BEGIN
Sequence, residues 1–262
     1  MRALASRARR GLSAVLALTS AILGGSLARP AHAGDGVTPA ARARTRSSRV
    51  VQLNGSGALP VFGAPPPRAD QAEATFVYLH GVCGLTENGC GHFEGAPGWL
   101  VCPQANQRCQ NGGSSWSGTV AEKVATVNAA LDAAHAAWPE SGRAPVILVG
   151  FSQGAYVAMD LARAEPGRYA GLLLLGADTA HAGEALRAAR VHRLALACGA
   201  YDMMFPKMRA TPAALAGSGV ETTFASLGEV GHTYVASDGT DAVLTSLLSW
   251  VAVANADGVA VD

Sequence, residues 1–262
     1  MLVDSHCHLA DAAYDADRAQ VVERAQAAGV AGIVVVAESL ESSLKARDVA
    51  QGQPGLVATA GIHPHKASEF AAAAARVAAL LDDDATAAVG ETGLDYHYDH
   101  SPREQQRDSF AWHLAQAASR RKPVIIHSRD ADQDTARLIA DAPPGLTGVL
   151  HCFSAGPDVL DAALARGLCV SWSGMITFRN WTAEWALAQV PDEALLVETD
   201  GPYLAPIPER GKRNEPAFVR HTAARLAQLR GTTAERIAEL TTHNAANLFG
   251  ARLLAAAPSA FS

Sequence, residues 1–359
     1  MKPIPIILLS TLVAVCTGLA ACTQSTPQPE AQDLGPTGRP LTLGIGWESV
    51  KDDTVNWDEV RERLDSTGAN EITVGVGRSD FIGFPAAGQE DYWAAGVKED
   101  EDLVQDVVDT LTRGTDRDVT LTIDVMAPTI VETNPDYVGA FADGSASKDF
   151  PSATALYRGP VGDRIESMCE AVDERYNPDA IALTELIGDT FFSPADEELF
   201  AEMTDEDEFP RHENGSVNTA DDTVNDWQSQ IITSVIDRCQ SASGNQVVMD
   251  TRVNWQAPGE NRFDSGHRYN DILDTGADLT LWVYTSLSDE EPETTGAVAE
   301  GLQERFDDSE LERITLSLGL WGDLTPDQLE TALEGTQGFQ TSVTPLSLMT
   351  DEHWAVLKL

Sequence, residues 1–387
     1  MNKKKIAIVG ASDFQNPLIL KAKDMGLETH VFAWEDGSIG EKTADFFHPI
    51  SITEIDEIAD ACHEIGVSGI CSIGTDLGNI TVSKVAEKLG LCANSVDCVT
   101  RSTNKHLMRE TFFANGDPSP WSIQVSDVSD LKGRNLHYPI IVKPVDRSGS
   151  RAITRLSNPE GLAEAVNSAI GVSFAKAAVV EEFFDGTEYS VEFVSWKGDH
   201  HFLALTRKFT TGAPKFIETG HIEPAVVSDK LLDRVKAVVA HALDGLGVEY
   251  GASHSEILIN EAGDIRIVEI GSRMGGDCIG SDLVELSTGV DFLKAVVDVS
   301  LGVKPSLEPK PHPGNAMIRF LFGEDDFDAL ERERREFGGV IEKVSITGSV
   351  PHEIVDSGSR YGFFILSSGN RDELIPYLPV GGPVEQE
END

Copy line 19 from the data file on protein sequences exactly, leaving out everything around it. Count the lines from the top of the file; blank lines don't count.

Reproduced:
   151  PSATALYRGP VGDRIESMCE AVDERYNPDA IALTELIGDT FFSPADEELF